A very very telling proof of how the post-resurrection saints are extremely connected to biblical figures is primarily because they appeared to one another. Typically saints appear only to saints. Hence Mother Erini saw Elisha, Christ, St Mary and desert father saints. St Nicholas Planas saw Elisha. Tunt Samira Doherty of California saw Job the righteous and Lazarus the beggar. Pope Kyrillos VI saw St Mark the Apostle. St John Chrysostom’s assistant saw St Paul the Apostle whispering into St John’s ear what to write for his commentaries – as if to mean that whatever St John Chrysostom says, we listen carefully, because it’s basically what St Paul is saying.

 

The similarity of the writings and the lives of the saints with the Scriptures – Part III

See! All these people are all part of the same family and group, all were filled and overflowing with the Holy Spirit, all of them were perfectly united with God through their ascetic struggles more in unceasing prayer. They all travelled the same narrow difficult path of Christianity, all of them led martyr-like lives, all of them mystically traveled on the road of Golgotha and were crucified alongside Christ and then resurrected with Him and were filled with grace. They all achieved the purpose and goal of the Christian life, which is theosis/deification/holiness/saintliness, which means to have perfect purity of heart i.e. 0 worldly desires.

Hence the lives and teachings of the holy men and women as written in the bible are identical to the lives and teachings of  the Orthodox saints – from the early Egyptian desert fathers, the 19th century Russian Optina elders, the three Holy Hierarchs (St John Chrysostom, St Basil the Great and St Gregory the Theologian), the modern-day saints who died in the last few decades whether in Russia, Egypt, Greece or Ethiopia, etc.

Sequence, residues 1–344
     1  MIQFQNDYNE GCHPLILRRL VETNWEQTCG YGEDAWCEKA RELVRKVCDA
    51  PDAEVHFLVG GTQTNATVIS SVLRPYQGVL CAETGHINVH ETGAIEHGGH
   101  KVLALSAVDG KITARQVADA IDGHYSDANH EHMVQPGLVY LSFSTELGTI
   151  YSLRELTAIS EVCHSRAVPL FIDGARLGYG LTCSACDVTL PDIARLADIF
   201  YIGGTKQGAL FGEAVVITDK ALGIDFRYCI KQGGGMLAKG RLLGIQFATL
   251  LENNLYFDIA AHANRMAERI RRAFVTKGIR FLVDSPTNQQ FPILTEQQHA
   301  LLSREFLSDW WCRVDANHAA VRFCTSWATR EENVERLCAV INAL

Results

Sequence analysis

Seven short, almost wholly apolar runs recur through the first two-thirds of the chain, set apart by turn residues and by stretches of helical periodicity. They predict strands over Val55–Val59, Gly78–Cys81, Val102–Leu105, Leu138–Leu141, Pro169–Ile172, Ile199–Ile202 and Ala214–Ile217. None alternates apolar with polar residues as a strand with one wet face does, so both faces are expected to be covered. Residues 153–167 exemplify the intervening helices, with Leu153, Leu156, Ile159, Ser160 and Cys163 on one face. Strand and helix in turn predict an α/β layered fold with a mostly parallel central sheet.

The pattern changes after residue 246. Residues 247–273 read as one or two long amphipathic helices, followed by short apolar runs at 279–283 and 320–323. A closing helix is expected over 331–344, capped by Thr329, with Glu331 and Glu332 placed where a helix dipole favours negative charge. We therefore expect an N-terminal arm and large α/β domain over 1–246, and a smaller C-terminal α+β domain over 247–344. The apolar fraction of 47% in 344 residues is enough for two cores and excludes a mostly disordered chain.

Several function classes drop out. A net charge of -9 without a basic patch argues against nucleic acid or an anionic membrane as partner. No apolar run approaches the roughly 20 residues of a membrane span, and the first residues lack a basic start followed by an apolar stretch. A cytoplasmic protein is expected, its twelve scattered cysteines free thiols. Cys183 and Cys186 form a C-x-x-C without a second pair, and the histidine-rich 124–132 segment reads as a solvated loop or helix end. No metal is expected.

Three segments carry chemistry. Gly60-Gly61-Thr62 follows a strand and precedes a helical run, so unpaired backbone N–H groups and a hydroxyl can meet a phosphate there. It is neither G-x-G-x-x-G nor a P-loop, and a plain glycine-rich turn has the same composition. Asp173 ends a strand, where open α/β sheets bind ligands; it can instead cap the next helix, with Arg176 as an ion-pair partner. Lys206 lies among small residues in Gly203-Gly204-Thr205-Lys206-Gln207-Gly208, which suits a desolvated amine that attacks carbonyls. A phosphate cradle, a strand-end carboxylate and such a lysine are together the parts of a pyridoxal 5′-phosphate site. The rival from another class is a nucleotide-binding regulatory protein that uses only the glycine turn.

If we reject the writings and the lives of the Orthodox saints from the birth of Christ till now we also proudly reject true understanding of the scriptures. Any Christian denomination that rejects the saints and their writings is a long-ago lost and lost, and darkened church. That’s not to say that everything that all the Orthodox saints say were 100% correct because they were still human and liable to make mistakes  – some were simple people, not very intellectual and eloquent in their writings (some others didn’t write anything at all, not having that talent).